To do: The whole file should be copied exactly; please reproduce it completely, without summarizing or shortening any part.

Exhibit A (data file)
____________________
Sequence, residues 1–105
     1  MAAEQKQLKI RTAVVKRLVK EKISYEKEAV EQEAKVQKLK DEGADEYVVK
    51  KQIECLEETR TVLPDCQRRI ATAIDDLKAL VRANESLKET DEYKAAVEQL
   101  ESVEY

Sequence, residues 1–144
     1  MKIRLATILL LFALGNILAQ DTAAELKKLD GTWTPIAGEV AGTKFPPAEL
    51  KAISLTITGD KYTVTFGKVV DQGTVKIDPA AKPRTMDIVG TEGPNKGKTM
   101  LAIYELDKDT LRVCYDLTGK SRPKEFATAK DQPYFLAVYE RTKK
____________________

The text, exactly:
Sequence, residues 1–105
     1  MAAEQKQLKI RTAVVKRLVK EKISYEKEAV EQEAKVQKLK DEGADEYVVK
    51  KQIECLEETR TVLPDCQRRI ATAIDDLKAL VRANESLKET DEYKAAVEQL
   101  ESVEY

Sequence, residues 1–144
     1  MKIRLATILL LFALGNILAQ DTAAELKKLD GTWTPIAGEV AGTKFPPAEL
    51  KAISLTITGD KYTVTFGKVV DQGTVKIDPA AKPRTMDIVG TEGPNKGKTM
   101  LAIYELDKDT LRVCYDLTGK SRPKEFATAK DQPYFLAVYE RTKK